Textbook photo for the definition of “climber training”: Luz Adriana Molina limbwalking and pushing beyond her limits. Photo © David L. Anderson
Textbook photo for the definition of “climber training”: Luz Adriana Molina limbwalking and pushing beyond her limits. Photo © David L. Anderson

If there is one lesson that came out of this grand experience it is this: Dream Big. The idea behind Descubriendo el Dosel 2019 was grand and big, improbable if not impossible. We sought no less than to hand the reigns of conservation science over to local biologists who live and breath and work and raise families in imperiled forests.

Family. It makes us stronger and better, and is what Descubriendo el Dosel is all about. Photo © Felipe Barrera.
Family. It makes us stronger and better, and is what Descubriendo el Dosel is all about. Photo © Felipe Barrera.

So Lesson #2 follows: When you want to dream big, take your friends along. This training was a success because of friends and partners who were absolutely critical to this effort. First and foremost, Fundación Alianza Natural, (LINK) a non-profit conservation organization in Colombia, was the official host of this event and did all the in-country organizing and prep. Petzl Foundation(LINK) came in early as our official Hardware Sponsor, donating helmets, harnesses, carabiners, lanyards, and a long list of vital equipment. Yale Cordage(LINK) was the event’s official Software Sponsor, donating miles of rope, literally.

No dream is too big to be impossible. Photo © Juan Carlos Rivas
No dream is too big to be impossible. Photo © Juan Carlos Rivas

One climber, one tree, one forest, one planet at a time. This is the height to which we ascended. THANK YOU.

 

For more about Descubriendo el Dosel 2019,check out the hashtags #dosel2019 or #descubriendoeldosel on social media, or visit the event’s Flickr page.

 

Want to help us change lives in the next round? Go to the webpage for Canopy Watch and contact us. We can always use more friends and partners.

Petzl Foundation came up big as our official Hardware Sponsor.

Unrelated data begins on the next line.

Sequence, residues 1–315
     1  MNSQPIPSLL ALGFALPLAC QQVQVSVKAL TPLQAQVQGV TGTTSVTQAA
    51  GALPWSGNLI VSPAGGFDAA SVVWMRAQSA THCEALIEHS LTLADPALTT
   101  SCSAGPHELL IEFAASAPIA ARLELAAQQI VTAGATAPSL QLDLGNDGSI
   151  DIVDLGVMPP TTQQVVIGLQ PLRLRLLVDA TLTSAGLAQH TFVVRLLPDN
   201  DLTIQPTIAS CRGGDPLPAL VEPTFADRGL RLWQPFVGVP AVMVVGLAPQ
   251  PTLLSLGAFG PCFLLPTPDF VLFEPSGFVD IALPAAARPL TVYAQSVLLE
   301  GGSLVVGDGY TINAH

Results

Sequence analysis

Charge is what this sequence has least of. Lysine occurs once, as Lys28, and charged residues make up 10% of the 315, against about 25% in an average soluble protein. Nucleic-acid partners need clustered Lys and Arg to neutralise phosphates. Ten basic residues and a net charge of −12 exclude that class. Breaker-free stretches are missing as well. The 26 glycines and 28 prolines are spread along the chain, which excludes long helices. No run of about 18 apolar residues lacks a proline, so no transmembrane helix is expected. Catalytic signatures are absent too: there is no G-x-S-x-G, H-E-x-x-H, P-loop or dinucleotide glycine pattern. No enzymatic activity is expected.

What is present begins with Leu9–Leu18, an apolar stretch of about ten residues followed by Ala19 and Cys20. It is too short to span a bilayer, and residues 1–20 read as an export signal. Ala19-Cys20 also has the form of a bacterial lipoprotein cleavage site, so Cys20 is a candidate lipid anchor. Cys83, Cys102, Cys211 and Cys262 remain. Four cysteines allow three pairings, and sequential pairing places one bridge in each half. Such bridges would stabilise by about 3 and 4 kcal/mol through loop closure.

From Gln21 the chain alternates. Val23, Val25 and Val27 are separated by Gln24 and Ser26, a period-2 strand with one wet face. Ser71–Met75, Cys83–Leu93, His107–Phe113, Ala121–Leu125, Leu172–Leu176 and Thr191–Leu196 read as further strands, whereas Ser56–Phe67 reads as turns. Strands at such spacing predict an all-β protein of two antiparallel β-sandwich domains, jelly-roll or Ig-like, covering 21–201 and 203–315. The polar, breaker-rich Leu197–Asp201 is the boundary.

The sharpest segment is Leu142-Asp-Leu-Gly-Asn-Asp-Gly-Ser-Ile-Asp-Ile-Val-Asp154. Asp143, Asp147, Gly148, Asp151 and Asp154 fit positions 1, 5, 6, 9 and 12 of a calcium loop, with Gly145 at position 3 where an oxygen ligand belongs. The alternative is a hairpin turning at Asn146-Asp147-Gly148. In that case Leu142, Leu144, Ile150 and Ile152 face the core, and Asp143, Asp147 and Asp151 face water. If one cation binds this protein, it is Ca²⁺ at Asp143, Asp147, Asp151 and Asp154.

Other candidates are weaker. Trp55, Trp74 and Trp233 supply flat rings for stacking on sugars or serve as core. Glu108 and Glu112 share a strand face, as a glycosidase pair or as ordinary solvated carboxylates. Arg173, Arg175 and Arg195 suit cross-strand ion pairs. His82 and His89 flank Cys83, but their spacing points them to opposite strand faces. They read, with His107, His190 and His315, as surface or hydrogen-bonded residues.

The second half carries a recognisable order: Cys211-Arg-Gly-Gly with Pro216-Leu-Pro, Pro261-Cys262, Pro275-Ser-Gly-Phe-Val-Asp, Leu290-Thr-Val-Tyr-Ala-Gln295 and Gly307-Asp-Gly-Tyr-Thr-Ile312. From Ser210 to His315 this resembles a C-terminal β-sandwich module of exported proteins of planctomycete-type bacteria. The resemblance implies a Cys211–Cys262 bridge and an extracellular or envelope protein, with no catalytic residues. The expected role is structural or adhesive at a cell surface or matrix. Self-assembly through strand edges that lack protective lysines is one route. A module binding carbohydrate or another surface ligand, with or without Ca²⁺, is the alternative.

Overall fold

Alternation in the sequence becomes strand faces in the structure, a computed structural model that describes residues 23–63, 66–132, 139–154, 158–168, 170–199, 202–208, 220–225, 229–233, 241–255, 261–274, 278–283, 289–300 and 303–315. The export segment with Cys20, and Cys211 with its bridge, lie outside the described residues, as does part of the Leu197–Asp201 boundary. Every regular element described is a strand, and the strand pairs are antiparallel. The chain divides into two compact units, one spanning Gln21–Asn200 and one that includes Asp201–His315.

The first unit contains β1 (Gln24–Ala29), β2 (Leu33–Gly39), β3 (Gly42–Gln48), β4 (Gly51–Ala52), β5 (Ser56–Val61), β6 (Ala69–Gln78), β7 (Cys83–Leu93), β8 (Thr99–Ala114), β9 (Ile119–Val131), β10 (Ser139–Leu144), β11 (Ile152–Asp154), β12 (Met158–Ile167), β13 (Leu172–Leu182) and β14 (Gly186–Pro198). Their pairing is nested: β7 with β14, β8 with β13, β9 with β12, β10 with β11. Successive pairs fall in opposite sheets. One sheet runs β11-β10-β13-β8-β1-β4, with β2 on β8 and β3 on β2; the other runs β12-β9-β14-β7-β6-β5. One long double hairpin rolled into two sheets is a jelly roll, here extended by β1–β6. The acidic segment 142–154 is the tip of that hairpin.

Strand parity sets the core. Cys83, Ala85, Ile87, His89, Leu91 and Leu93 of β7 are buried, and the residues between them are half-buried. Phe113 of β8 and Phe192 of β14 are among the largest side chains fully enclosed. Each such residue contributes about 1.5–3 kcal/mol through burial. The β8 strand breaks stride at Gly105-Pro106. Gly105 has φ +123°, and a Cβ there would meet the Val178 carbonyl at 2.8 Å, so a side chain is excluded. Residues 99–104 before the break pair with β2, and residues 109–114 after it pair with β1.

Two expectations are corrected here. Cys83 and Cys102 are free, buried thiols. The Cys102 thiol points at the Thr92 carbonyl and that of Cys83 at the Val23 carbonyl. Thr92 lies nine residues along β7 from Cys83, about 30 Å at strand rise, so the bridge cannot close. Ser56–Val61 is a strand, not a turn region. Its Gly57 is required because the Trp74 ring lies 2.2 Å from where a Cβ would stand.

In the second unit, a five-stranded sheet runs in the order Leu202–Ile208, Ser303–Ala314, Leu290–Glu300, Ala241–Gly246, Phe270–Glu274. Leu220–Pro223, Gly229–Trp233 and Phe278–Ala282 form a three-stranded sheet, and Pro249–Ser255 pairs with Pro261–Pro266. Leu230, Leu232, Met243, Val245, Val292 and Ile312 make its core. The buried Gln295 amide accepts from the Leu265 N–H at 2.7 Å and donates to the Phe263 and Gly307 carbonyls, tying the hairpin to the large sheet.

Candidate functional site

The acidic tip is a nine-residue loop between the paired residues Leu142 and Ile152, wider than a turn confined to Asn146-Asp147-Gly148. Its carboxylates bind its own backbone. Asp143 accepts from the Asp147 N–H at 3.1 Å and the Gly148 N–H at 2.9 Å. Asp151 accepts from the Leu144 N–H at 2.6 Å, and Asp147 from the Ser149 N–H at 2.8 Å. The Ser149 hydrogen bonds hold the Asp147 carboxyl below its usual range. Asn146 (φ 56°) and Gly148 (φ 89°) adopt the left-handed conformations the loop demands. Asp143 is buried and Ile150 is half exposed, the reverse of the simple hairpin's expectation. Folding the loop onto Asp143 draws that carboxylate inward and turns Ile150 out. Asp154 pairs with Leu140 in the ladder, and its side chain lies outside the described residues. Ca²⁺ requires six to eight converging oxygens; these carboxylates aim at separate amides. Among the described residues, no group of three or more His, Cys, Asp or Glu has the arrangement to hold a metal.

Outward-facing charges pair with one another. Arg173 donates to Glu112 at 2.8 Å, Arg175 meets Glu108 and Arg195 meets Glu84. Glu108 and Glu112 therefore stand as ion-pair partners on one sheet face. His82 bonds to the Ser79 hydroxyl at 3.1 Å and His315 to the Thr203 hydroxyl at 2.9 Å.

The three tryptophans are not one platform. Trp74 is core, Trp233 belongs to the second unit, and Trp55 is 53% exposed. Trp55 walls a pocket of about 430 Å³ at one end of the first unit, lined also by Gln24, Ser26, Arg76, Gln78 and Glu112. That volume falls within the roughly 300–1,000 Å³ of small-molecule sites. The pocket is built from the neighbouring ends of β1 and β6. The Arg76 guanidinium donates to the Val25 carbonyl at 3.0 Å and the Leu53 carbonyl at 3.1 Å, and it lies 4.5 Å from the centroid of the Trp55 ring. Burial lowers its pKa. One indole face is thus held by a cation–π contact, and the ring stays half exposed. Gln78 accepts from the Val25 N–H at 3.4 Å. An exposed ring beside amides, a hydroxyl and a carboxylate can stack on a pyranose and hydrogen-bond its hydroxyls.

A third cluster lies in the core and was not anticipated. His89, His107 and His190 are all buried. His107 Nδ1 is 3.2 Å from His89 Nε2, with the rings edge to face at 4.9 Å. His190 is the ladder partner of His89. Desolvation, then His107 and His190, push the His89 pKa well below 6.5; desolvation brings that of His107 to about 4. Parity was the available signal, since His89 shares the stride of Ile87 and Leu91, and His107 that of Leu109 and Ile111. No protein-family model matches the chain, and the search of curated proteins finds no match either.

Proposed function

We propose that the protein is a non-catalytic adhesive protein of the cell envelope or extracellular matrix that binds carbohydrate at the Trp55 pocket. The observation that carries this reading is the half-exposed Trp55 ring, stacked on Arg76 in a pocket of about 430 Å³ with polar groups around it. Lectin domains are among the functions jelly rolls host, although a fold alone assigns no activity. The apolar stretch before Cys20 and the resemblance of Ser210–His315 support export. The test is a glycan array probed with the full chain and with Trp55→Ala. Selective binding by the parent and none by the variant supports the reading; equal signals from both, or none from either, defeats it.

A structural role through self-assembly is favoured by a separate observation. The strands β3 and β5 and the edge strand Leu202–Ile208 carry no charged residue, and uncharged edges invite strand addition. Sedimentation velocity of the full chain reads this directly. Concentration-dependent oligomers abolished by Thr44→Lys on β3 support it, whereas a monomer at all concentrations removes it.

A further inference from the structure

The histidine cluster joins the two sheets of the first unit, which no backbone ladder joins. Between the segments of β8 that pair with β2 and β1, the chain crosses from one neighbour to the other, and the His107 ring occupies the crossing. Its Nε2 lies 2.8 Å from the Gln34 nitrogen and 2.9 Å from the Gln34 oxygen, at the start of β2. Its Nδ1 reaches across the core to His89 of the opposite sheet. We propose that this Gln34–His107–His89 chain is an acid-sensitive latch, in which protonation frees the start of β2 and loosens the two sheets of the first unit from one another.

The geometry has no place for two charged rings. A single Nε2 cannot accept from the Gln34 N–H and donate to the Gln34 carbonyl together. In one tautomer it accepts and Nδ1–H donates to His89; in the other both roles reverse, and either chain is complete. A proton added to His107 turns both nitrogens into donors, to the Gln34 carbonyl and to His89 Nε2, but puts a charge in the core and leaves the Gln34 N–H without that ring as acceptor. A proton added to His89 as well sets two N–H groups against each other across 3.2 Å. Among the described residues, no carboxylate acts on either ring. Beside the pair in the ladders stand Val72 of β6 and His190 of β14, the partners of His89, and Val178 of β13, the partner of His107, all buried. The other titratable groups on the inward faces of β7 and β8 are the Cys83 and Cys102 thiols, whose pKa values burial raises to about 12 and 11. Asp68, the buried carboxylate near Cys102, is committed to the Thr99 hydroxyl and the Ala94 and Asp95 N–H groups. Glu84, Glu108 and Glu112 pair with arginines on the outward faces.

All this pretty equipment rewrote the history of canopy research in Latin America and the changes lives of the lucky biologists getting to use it. Photo © Juan Carlos Rivas.
Petzl Foundation came up big as our official Hardware Sponsor. All this pretty equipment rewrote the history of canopy research in Latin America and the changes lives of the lucky biologists getting to use it. Photo © Juan Carlos Rivas.

SUR Company(LINK) headed by Javier Urueña in Bogotá, and Orozco y Cia.(LINK) headed by Hernando Orozco in Medellín, made it possible to ship all that expensive gear to Colombia. The Peregrine Fund(LINK) is a conservation non-profit in the United States that believes so strongly in changing lives and building local capacity that they sponsored my time and many of the grant proposals for the project. The wonderful people at Río Claro Nature Reserve(LINK) discounted our food and lodging, true, but the beauty of the natural setting added a tangible flavor to our success. The good will from so many people was an avalanche. We received so many valuable donations from Nick Bonner at TreeStuff, SherrillTree, NuGreen Store, Kevin Bingham at Singing Tree, DMM Wales, WesSpur Tree, that brought trees to the scientists and put scientists in the trees. And last but not least, it takes cash to offer an event like this. The Rufford Foundation(LINK) trusted us and believed in our mission. To each of you, a most special applause from our family: CLAP . . . CLAP . . . CLAP-CLAP-CLAP.

Lead Instructor, mentor, friend – Jamz Luce conducting the choir.
Lead Instructor, mentor, friend – Jamz Luce conducting the choir.
Patrick Brandt, you radiate calmness and authority. We were all better for your presence.
Patrick Brandt, you radiate calmness and authority. We were all better for your presence.
Emmett Lawrence put his heart way deep into this training. I’m glad you were there.
Emmett Lawrence put his heart way deep into this training. I’m glad you were there.
Juan Carlos Rivas was the eyes and brain behind so many of our photos. Photo © Juan Carlos Rivas.
Juan Carlos Rivas was the eyes and brain behind so many of our photos. Photo © Juan Carlos Rivas.
Laín Garzón of SUR Company was a strong and quiet presence all week. Gracias por acompañarnos.
Laín Garzón of SUR Company was a strong and quiet presence all week. Gracias por acompañarnos.